The driver would have had no more than an instant to see the man approaching with the rifle, hear and feel the crowd pounding on the car, and react. Anyone who has followed the protests over the past two months would be aware that protesters have surrounded vehicles, pounded on them with fists and weapons, dragged people from cars, smashed car windows, and shot drivers as well. Austin’s protests have turned violent multiple times in recent weeks.
Additionally, the protest Saturday night had no permit from the city. The protesters hijacked the streets illegally. This is important both to the status of the protesters — they were not marching legally — and the driver — they had no reason to expect a legal march on the public thoroughfare, and had the legal right to be on that street at that time.
An actor’s belief that the use of force was immediately necessary is also presumed reasonable if the actor knew or had reason to believe that the person against whom the force was used unlawfully and with force removed, or was attempting to remove, the actor from the actor’s habitation, vehicle, or place of business or employment. In addition, an actor’s belief that the use of force was immediately necessary is presumed to be reasonable if the actor knew or had reason to believe that the person against whom the force was used was committing or attempting to commit aggravated kidnapping, murder, sexual assault, aggravated sexual assault, robbery, or aggravated robbery. However, the presumption of reasonableness is eliminated if the actor who used forced against a person provoked the person against whom force was used and was engaged in criminal activity other than a Class C misdemeanor or traffic offense at the time the force was used. Subsection (e) eliminates an actor’s duty to retreat before using force if the actor had a right to be present at a location, did not provoke the person against whom force was used, and was not engaged in criminal activity at the time the force was used. Subsection (f) prohibits a fact finder from considering whether an actor failed to retreat when deciding whether that actor reasonably believed that force was necessary.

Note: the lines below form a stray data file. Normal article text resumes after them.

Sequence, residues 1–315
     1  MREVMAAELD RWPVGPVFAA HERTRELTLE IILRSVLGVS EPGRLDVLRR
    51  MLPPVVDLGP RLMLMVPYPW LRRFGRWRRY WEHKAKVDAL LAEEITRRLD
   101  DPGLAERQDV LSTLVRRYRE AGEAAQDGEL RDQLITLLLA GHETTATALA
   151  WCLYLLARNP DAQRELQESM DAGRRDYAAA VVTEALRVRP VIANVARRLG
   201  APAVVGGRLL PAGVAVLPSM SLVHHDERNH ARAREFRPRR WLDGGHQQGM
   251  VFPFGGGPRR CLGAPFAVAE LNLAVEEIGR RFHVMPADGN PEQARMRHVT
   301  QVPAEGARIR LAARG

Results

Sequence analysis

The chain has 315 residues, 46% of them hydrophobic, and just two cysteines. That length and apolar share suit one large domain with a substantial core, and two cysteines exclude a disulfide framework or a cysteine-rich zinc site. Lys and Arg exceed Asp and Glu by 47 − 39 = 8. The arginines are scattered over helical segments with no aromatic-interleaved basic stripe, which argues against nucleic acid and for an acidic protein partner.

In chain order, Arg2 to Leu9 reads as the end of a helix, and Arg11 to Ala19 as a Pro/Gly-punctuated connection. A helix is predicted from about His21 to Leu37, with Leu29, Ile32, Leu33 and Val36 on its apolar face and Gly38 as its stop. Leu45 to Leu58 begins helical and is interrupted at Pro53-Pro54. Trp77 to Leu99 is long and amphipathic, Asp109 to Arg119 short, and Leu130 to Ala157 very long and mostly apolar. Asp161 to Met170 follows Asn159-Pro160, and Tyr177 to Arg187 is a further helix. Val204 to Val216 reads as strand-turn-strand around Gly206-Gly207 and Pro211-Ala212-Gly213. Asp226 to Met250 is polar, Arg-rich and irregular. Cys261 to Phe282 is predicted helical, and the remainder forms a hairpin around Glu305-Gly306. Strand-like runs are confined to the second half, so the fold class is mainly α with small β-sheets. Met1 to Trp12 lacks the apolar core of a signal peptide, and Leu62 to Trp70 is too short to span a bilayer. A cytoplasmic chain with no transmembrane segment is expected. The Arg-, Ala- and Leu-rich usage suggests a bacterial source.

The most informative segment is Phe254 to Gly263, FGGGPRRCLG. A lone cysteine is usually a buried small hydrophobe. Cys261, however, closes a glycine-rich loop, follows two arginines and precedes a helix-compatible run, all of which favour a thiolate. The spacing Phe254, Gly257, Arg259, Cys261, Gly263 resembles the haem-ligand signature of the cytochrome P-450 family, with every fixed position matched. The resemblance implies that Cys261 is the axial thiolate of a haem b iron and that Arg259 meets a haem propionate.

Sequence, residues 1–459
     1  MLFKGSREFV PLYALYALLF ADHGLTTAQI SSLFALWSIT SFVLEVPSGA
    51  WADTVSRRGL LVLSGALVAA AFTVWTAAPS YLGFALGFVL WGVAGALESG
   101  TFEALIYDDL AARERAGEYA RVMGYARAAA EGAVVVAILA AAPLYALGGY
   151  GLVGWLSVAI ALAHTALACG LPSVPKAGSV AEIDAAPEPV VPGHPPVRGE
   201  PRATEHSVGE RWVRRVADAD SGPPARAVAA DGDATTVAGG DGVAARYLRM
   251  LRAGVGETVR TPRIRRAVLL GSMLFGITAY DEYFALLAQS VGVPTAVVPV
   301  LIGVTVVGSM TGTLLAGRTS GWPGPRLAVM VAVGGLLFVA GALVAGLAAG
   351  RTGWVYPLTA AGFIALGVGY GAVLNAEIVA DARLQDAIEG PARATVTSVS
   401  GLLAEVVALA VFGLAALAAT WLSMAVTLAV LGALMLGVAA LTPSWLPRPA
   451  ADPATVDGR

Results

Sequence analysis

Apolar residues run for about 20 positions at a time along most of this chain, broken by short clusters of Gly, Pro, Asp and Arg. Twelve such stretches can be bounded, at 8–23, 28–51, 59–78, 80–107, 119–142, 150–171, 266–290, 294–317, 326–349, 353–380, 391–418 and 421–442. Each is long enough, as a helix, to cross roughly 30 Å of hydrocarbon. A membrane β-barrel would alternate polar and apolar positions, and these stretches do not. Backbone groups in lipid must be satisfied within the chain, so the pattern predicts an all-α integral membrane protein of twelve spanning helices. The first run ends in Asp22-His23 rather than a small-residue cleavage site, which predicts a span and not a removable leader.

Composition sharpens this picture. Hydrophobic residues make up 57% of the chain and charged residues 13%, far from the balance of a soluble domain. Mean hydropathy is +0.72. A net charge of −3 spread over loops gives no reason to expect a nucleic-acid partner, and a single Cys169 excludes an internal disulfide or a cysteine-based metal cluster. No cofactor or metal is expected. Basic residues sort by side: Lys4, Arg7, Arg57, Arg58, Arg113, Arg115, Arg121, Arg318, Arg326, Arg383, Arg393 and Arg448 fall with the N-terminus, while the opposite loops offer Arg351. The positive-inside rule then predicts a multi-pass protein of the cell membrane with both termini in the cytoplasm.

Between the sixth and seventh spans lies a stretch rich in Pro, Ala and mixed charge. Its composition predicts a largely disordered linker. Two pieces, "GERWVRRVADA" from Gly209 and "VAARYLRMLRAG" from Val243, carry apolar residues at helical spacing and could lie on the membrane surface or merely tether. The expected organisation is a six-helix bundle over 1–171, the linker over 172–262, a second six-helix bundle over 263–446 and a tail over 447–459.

Emphasis added. Some might argue that the driver “provoked” the marchers by attempting to drive through. The march was not permitted; therefore the driver had a legal right to be there, and driving there was not a provocation. Neither is sounding the horn since the marchers were occupying the same street the driver had the legal right to be on. The crowd had no more right to be there than the driver did. Sounding the horn is, among other things, a warning to get people in cars or on foot to move out of one’s way so that you do not harm them with your car.
The final sentence above would seem to weigh in the driver’s favor as well, as the district attorney weighs possible charges.